Anyone with a flair for fashion and an ounce of health-consciousness learns to shop by material pretty quickly, with natural textiles such as cotton, linen and hemp always having been the favoured and most versatile option in terms of clothes and apparel. But it’s not just the material in itself we should consider, but the process of production and how it affects our planet. So, even though your t-shirt might be labeled 100% cotton, it is not to say that it is 100% organic cotton, the difference being in how the material was produced. When you’re buying organic cotton, you can rest assured that no pesticides and fertilizers were used, so it is therefore the better choice not just for the environment but yourself too.
Shopping isn’t a relaxing experience for everyone, on the contrary – some people are downright stressed by the experience. Adding extra stress factors by examining labels and studying textiles can make it all the more challenging, but it’s worthwhile. Do your research before you do the fieldwork by looking into the best, environmentally friendly textiles affordable to you and where to find them. Just as with everything practice makes perfect and you’ll soon develop an eye and a feel for the highest quality with the lowest environmental impact.
Know Your Shops: Fact Check
One of the most important marketing techniques for businesses is a good brand story. It’s all about building a personal relationship with clients and giving them the feeling that they form part of the company’s history and future, and that they are being offered complete transparency. This is especially true when it comes to meeting customers’ needs by ways of choosing just the right language to sell your product – even if it is vague and not always 100% true.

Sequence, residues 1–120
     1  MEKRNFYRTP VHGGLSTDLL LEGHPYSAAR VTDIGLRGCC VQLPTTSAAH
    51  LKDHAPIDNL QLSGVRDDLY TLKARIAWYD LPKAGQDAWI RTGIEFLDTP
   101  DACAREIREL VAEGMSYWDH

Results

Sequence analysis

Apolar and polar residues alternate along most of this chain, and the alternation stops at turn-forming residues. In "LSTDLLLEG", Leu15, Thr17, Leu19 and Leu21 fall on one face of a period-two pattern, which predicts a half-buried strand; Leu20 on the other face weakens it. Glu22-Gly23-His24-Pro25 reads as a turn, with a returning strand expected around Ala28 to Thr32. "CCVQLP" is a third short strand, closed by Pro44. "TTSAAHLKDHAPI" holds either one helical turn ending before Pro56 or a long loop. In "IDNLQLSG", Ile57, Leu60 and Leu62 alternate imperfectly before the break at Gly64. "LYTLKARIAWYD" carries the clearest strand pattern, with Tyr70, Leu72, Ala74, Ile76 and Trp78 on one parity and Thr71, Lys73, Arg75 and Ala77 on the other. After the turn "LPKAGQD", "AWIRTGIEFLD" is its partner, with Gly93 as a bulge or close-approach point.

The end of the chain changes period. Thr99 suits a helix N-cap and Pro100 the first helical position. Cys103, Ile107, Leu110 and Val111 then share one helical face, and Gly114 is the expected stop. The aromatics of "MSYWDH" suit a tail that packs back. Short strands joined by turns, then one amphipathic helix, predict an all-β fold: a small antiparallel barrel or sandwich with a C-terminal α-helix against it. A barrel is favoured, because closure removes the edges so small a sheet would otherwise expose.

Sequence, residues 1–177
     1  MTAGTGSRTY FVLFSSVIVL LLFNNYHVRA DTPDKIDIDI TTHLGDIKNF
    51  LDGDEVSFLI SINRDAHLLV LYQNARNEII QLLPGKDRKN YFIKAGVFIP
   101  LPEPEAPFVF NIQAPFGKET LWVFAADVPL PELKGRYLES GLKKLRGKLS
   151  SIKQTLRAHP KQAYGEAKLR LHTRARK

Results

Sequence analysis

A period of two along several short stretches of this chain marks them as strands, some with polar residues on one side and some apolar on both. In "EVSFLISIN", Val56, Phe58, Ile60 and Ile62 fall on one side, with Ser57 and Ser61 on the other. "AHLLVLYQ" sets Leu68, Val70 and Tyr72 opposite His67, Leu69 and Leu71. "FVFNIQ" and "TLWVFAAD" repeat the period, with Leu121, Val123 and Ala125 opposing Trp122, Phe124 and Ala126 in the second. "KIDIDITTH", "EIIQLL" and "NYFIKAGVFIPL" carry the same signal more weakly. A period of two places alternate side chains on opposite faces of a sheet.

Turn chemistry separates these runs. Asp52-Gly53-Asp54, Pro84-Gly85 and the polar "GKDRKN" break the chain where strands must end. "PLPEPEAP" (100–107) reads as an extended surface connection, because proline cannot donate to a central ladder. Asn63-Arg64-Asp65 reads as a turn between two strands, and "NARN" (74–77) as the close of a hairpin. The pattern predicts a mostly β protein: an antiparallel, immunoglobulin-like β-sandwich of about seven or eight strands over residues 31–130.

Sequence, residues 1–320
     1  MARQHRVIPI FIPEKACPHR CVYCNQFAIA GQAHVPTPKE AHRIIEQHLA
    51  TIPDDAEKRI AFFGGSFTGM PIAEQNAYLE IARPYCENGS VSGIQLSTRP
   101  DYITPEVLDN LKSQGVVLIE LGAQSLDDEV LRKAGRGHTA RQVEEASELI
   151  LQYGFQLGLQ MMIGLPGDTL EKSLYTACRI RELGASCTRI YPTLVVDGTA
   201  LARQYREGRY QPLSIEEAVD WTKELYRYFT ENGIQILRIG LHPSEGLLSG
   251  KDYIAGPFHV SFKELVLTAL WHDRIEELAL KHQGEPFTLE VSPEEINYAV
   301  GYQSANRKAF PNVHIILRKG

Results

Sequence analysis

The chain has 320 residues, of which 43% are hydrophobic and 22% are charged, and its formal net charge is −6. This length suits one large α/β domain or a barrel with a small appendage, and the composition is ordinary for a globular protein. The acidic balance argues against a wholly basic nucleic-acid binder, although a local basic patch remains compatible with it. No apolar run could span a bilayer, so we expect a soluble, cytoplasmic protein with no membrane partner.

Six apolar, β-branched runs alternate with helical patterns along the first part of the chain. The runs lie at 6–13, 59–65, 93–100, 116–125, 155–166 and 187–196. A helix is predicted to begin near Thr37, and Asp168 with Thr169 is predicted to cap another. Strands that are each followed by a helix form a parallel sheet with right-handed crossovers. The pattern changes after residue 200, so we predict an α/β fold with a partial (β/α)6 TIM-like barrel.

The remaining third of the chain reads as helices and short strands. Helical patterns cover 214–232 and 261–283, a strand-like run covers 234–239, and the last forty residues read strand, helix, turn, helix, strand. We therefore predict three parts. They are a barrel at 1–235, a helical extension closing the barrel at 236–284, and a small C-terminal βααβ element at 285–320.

To be sure you are, indeed, buying into a more sustainable approach to fashion even by ways of popular retailers, you need to learn how to read between the lines and spot the porkies. How trustworthy can a brand’s sales pitch be if there are no outside entities or studies to back up their claim? You will quickly learn to distinguish the brands that are rallying and supporting real change, from the ones who are simply trying to piggyback on a wave of trends without putting in the actual work.
The super popular Swedish retailer, H&M, is a prime example of a fast fashion chain looking to make a difference – and they can back up all their claims with statistics, planning and progress reports. Having been named one of the best ethical companies in the world by the Ethisphere Institute, H&M aims to use 100% recycled or sustainable materials by 2030, and while that is still a while away, we can already see them setting the ball in motion as part of the Better Cotton Initiative and with having initiated their own recycling program. Is your favourite low-cost retailer just as transparent? Check before you shop!